After the colourful crocus image posted yesterday, today’s is an attempt to get the sun back into our corner of the world. I don’t know if I have any influence in that department, but if the sun does shine for you today, you’re welcome. 😀 This was growing in the same patch (we call them all Molly’s flowers) as yesterday’s and is even a little shorter in stature. Behind them grow some that are a deep purple and are taller, which, if they open up (a bit of warmth might do the trick) I will try to photograph. On my walk yesterday I spotted some growing in a muddy ditch. Talk about treasures, they were lovely, as if shining in that drab late winter environment. Spring brings us so much hope. We must cling to it as it makes it possible to get out of bed every day and keep going. For those heading into fall and winter, that also brings a promise of a new spring (just a little longer to wait).
It’s strange how we can come across treasures in the most unexpected places. I saw this piece of curled bark as you see it below on the gravel drive outside our hairdresser’s house when I was waiting for Steven, I had got out of the car with my camera to search for any Spring flowers I might find in her beautifully kept gardens and spotted it at my feet. I instinctively picked it up and marvelled at the detail and the different tiny forms of lichens that were arranged all over it. I put it in the car to take home with me so it could join my collection of other mosses and lichens. I went in search of flowers but found none and came back and examined the bark more closely. I decided it would be better to put it back on the drive, photograph it and leave it where I had found it. I did so, got back in the car and almost at once I changed my mind and decided to bring it home with me. I knew if I left it there it would be crushed by the wheels of the next car and it would be lost. I also felt that few would appreciate this amazing piece of natural art (at least that was my excuse for ‘liberating’ it from her driveway). Today you can enjoy it too. If you click on the image above or below and then again on it in the gallery you will see the detail enlarged. It’s really worth zooming in so you can see the arrangement of those tiny orange dots and the blue grey colours perfectly, along with the fans of lichen spreading in clumps over it. Isn’t it the most beautiful thing? You see below how it looked as I first saw it.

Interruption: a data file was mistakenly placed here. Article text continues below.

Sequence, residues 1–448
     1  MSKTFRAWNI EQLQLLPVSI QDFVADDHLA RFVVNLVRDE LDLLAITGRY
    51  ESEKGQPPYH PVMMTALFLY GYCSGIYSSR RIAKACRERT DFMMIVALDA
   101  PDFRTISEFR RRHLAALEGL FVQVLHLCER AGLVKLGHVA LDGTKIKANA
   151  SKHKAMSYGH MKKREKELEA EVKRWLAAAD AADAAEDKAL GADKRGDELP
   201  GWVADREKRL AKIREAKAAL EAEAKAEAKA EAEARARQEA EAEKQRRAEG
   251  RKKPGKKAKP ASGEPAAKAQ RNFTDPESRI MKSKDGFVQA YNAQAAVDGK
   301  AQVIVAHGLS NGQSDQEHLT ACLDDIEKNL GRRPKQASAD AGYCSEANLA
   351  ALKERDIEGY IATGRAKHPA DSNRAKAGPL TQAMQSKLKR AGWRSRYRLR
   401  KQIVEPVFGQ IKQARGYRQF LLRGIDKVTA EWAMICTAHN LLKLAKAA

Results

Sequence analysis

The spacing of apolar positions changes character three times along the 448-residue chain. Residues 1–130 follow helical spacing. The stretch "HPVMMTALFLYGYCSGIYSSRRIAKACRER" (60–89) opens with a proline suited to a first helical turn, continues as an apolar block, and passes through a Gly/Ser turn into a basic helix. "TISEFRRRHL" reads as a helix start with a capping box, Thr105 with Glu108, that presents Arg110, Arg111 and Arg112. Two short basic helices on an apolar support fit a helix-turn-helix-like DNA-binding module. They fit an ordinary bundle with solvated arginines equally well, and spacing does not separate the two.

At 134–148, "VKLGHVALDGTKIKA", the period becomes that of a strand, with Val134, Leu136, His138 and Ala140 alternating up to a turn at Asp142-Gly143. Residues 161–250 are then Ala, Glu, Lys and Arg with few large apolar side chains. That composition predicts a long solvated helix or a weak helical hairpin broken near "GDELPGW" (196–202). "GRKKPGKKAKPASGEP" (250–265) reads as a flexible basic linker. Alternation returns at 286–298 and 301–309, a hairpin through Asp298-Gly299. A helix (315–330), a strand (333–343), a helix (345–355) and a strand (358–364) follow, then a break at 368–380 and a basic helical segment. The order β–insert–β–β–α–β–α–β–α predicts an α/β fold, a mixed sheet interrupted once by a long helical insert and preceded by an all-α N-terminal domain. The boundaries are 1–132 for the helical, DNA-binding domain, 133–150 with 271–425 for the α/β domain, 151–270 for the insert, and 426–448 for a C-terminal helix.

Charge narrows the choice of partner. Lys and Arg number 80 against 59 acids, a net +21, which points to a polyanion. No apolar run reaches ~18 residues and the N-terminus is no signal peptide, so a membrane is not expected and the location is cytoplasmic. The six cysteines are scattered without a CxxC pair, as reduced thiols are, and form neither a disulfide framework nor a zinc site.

These brilliant yellow kalanchoe flowers surely would brighten the darkest corner, as if a spray of sunshine were sitting above the fleshy (and edible) leaves. We haven’t had much sun in the past few days, so I needed a bit of bright colour to lift my mood and warm the temperatures that have teasingly turned from warm and spring-like to suddenly cold again. The fire is lit once more and curtains drawn in the evening to keep the heat in. We know we are on the right side of winter, here in the Northern hemisphere, but I do wish the weather would not be as fickle as it has been just lately. I have a cure for it in this Flower a Day photo, which I send with my warm hugs to you all! Keep smiling, my friends.
My number one Flower a Day scout called me the other day to say she had found another subject for me, so a few days later I climbed the stairs of an old barn to find an evening class in progress. The low sun filtered through a window onto a busy (small, masked, distanced) group of potters at work. The clivia was just next to the window amongst a group of pots filled with plants, so that the light fell nicely onto these beautiful flowers and the surrounding leaves and greenery. I sat on the floor, getting my jeans coated with clay dust, cocooned in an atmosphere of artistic creativity and the quiet humming of potters wheels turning and got the photograph you see here. There was such a lovely feeling in this little loft studio, the evening sun warming the room, that I felt I could have stayed there all evening, enjoying the friendly productivity going on all around me. I love how my project has been contributed to by some of my friends locally, making it even more meaningful for me and perhaps to all of you. We need to remind ourselves that this community spirit is still alive and well – and living at least near Canning, Nova Scotia. Keep that spirit up as you can, it’s too important to lose it. (But I want to know how those flowers stay so pristine in that dusty studio…)